First-year KCUMB students serve community during orientation week

Posted August 1, 2014 at 8:46 am

Micah Wilkins
Northeast News
August 1, 2014

KANSAS CITY, Missouri — Seth Bires and Jarret Gardner moved to Kansas City just a few days ago, and already they are out volunteering in the community.


Bires and Gardner are just two of 276 first-year students at the Kansas City University of Medicine and Biosciences wrapping up their orientation week. For the past 18 years, KCUMB has organized a service day during first year students’ orientation week, to get students out volunteering in the community.

“As medical students, it’s important for us to interact with underserved populations,” Bires said.

KCUMB first-year students, staff and faculty spent Thursday morning planting shrubs around the pond at Scuola Vita Nuova’s new building, cooking breakfast at the Ronald McDonald house and working in the KCUMB community garden. Students volunteered at a total of 14 sites, including the Don Bosco Center, Della Lamb Community Services, and Grace United Methodist Church.

“This is our neighborhood, our family,” Marc Hahn, KCUMB’s president, said. “KCUMB has been in the Northeast since its founding. We are a private university with a very public mission. As the university continues to grow and expand, as we do well, so does our neighborhood.”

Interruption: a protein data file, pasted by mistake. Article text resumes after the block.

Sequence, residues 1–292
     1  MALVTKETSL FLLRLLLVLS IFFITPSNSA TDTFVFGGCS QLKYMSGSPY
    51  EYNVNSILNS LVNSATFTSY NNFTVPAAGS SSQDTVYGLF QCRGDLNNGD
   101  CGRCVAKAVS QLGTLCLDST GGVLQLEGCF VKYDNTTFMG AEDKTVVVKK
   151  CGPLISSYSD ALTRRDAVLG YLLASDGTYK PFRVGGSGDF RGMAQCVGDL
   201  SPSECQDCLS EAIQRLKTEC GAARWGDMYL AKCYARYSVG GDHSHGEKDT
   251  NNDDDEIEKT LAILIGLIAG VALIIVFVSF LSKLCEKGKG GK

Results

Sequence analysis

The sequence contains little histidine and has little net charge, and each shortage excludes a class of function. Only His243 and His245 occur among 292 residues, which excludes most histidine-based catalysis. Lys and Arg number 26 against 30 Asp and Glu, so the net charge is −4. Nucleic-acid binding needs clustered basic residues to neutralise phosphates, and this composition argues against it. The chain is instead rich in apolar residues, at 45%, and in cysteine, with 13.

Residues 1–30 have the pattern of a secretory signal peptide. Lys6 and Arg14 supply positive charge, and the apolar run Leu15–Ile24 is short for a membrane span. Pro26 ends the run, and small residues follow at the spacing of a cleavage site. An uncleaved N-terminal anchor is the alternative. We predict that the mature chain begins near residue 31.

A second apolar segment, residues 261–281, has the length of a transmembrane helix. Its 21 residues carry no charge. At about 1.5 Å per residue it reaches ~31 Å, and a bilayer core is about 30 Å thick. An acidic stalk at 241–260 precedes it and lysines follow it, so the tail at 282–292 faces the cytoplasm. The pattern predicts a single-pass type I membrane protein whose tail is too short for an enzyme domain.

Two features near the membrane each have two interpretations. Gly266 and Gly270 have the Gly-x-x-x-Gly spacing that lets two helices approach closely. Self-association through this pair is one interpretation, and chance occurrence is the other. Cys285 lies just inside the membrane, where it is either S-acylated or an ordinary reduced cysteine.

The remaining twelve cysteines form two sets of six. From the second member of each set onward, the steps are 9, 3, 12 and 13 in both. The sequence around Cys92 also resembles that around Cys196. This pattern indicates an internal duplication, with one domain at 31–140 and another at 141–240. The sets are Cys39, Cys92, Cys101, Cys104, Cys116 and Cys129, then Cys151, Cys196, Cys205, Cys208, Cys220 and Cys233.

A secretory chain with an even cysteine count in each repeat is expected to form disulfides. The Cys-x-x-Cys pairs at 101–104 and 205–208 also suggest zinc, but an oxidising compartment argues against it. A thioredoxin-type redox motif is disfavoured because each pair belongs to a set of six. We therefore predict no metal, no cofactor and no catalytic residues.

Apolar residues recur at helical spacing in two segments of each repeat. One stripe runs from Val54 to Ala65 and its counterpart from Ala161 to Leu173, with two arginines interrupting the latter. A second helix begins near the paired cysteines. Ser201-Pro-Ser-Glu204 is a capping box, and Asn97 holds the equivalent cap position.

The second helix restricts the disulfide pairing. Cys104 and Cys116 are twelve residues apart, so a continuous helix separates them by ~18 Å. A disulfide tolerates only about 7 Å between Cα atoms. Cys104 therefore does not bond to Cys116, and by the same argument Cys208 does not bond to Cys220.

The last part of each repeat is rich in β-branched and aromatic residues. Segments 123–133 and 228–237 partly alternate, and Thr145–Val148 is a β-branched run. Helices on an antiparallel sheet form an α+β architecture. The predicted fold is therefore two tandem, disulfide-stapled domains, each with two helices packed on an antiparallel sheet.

The students worked mostly within the Northeast, and used the day as a way to get to familiarize themselves with the neighborhood and the organizations in the community.

“The university has a strong commitment to its neighborhood,” Annette Campbell, the director of KCUMB’s Score 1 for Health program, said. “Today helps them get familiar with the area.”

Including a service day in the student’s orientation introduces students off the bat to organizations and volunteer opportunities in the community. Many students volunteer on their own time, according to Campbell, and the KCUMB orientation service day is a good place for them to start.

“There’s that complete and continuous message of service,” Campbell said. “They have that seed embedded in them and they’re giving back.”